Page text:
Bengals look to re-launch push vs. Rams

ST. LOUIS (AP) — No doubt, the Cincinnati Bengals have some issues.

While losing four of five against a succession of division leaders, they’ve sprung leaks in the secondary and on the offensive line. Once a promising postseason contender, they’ve fallen a game back in a packed contest for the last wild card berth in the AFC.

And, they’re coming into this afternoon’s game against the St. Louis Rams (2-11) off a tough setback to the Houston Texans, coughing up a nine-point fourth-quarter leading and falling in the final seconds.

No matter. With three games to go, the Bengals (7-6) are still in the hunt.

“We know how important that game was, and to lose it in the last second like that was a big momentum takeaway for us,” running back Cedric Benson said. “But you have to relish the challenge to overcome something like that. In order to go where you want to go, you have to grow in the tough times, too.”

Punishing a team suffering through truly lean times could relaunch the Bengals’ playoff push. Bedraggled and closing in on a potential top two draft pick for the fourth time in five seasons, the Rams could be coming along at the right time.

The Rams have lost four in a row, three decisively, and are crawling to the finish line. The Rams have the NFL’s worst offense, begging for points even before three offensive linemen landed on injured reserve and perhaps down to starting a quarterback who’s been with the team a little more than a week, and the league’s worst defense against the run, too.

Following a schedule stretch that also included two losses to the Steelers and one to the Ravens, St. Louis could be the Bengals’ get-well card.

With three games to go, Andy Dalton has a franchise rookie record 18 touchdown passes. Although the offense has suffered in recent weeks, Dalton has no interceptions the last three games and at least one touchdown pass the last 10 games.

The former TCU standout is having the type of year Sam Bradford enjoyed in 2010 when he was the NFL Offensive Rookie of the Year. Before drafting Dalton in the second round, the Bengals analyzed Bradford’s breakout.

“I studied how they played him, how he played in the preseason, how he played last regular season, and how they brought him along,” coach Marvin Lewis said. “So, I’m very familiar with Sam.”

Lewis said Dalton’s leadership qualities emerged during the lockout.

“Our team had to accept Andy Dalton when they were working out without me telling them about Andy Dalton,” Lewis said. “They had to accept him as the person and as the player on their own.”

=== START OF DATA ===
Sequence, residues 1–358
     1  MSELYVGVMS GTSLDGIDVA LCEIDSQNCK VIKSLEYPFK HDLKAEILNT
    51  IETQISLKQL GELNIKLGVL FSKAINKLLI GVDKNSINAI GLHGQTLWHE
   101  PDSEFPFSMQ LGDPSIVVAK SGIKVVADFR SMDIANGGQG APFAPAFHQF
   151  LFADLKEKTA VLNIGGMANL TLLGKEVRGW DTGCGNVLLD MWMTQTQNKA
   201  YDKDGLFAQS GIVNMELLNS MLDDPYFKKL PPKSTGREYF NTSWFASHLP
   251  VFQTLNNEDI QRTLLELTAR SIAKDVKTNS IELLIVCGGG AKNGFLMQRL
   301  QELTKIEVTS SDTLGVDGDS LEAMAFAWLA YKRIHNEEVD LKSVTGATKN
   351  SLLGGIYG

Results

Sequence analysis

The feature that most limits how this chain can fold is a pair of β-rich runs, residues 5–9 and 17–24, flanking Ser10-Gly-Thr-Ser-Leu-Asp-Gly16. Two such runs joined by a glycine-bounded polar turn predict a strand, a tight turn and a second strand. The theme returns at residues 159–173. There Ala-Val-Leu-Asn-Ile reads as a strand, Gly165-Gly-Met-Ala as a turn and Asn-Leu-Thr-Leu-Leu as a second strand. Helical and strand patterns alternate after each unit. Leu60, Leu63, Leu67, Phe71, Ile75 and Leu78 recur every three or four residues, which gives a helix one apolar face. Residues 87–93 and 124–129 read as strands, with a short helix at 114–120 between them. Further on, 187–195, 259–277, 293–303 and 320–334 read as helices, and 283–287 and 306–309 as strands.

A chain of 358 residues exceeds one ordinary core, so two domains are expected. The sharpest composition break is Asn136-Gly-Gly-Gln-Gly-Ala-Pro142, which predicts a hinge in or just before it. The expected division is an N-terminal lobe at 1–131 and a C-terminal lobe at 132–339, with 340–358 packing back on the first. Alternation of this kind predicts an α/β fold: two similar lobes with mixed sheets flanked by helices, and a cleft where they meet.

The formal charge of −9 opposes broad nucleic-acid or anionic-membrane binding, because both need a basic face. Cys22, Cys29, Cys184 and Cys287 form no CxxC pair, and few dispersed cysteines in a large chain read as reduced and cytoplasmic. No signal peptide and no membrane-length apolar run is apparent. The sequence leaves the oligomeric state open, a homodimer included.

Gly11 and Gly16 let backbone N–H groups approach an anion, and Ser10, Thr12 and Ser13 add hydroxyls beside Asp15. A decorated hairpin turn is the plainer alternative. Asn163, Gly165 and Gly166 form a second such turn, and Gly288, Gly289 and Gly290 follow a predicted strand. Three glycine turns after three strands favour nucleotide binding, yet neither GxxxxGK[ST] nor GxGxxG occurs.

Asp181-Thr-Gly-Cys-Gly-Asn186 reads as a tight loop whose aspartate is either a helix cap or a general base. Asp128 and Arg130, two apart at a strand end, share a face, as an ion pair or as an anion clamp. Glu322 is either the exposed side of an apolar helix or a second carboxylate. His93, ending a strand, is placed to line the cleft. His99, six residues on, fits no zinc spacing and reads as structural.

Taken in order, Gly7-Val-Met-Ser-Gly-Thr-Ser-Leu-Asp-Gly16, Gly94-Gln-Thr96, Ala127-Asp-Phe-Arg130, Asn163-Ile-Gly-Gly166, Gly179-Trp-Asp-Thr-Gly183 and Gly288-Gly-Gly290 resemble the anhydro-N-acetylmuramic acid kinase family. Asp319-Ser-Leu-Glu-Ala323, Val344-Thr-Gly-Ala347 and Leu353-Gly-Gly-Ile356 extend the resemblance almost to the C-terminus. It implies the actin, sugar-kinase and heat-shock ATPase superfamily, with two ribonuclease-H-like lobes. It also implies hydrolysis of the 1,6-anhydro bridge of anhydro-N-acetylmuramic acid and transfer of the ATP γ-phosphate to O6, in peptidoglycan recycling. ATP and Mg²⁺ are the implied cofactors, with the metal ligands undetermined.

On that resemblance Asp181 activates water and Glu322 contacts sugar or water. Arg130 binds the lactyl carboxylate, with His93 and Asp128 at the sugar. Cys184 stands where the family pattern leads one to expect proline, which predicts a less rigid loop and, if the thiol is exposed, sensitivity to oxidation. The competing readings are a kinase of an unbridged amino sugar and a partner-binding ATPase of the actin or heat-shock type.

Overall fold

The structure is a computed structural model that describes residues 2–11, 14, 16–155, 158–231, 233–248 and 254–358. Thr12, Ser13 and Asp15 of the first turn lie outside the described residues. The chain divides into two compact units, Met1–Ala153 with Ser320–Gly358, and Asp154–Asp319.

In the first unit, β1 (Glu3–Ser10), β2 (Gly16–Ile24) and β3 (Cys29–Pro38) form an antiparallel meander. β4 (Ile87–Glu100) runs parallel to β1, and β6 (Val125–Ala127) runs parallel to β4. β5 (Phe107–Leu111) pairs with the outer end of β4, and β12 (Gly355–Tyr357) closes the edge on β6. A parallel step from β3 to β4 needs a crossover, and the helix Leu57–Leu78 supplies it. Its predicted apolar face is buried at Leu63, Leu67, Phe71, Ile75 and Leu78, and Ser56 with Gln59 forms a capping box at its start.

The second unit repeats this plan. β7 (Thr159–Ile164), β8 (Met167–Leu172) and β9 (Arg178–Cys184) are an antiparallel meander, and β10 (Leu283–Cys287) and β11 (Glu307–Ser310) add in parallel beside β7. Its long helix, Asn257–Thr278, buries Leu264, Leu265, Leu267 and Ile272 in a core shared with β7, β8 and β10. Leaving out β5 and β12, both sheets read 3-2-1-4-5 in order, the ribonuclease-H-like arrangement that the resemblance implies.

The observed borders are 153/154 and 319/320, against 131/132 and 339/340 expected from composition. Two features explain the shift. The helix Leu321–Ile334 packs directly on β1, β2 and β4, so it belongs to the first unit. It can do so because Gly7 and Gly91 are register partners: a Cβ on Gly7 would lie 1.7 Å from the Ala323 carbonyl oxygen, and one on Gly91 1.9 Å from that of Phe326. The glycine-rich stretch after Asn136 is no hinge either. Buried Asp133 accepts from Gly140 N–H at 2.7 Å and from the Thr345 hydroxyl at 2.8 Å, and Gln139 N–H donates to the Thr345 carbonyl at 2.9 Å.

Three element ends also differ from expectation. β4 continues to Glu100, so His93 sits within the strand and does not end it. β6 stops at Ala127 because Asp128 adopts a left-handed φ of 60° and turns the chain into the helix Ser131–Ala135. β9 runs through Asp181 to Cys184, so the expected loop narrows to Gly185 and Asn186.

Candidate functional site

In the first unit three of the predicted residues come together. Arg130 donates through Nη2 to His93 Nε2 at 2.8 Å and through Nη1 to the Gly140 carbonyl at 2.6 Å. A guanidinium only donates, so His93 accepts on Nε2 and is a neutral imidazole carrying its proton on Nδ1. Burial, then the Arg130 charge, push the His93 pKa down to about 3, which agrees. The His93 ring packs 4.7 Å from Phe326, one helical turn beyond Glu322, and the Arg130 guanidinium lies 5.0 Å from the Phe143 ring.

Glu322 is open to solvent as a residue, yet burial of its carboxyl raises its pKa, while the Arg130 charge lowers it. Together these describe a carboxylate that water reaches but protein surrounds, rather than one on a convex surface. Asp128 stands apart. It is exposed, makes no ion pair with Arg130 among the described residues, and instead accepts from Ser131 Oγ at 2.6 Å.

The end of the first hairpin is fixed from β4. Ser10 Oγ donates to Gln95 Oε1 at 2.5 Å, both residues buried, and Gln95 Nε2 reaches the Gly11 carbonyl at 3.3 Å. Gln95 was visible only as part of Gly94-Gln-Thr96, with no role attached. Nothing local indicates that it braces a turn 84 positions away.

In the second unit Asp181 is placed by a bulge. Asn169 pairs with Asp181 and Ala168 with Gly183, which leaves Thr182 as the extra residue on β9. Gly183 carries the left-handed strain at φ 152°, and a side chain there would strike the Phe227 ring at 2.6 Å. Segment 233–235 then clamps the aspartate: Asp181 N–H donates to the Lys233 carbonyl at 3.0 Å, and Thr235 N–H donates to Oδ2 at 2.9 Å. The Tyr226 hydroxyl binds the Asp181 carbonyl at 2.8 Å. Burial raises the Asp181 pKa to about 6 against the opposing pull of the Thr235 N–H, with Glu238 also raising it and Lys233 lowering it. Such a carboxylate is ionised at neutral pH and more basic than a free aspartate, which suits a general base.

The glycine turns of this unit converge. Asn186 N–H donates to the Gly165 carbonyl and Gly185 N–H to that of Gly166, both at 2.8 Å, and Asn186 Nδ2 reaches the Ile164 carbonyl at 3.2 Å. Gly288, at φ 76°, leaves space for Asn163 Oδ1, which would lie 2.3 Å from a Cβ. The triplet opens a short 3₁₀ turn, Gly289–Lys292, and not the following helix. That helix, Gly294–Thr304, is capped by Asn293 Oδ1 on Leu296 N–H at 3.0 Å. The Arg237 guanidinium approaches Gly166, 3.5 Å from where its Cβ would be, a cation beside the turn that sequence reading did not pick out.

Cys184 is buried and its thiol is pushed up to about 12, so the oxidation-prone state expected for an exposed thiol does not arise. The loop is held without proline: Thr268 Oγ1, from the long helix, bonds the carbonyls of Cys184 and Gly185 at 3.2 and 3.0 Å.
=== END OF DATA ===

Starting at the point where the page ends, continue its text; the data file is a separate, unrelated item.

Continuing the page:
Dalton accepts his role in the Bengals’ recent offensive struggles, and his confrontation with the rookie wall.

“Yeah, you definitely feel it, but you’ve got to put it in your head that there’s only three regular season games left and these are really important games for us,” Dalton said. “Yeah, you’re going to be tired and yeah, it is a long season.

“But the way you focus on it is to see the goal at the end.”

Like St. Louis, the Bengals have had offensive woes enhanced by injuries. They finished last week’s game without two line starters, settling for a field goal after first-and-goal from the 1, and Benson had eight carries for minus-1 yard in the second half after gaining 92 yards on 13 carries in the first half.

In 11 chances inside the 20 the last three games, they’ve scored four touchdowns.

Ready or not, Kellen Clemens could be taking the snaps for the Rams. Bradford could miss his fourth game with a persistent high left ankle sprain that’s gotten more difficult to deal with over time and backup A.J. Feeley needs at least one more week before his fractured right thumb heals to the point he can grip a ball.

Coach Steve Spagnuolo is 10-35 and likely in need of a resume update. It can’t help his cause that the Rams lost Monday night at Seattle, and it can’t help this game is being played on short rest.

The defense has played pretty well lately, limiting the damage as long as possible while all too aware of the offensive shortcomings, before ultimately breaking down. It needs to make some breaks.

Spagnuolo insists nobody’s pointing fingers.

“I’ll be honest with you, it’s not the makeup of the guys in that room,” he said. “Truly, honestly, to a man. Not a coach, not a player.”

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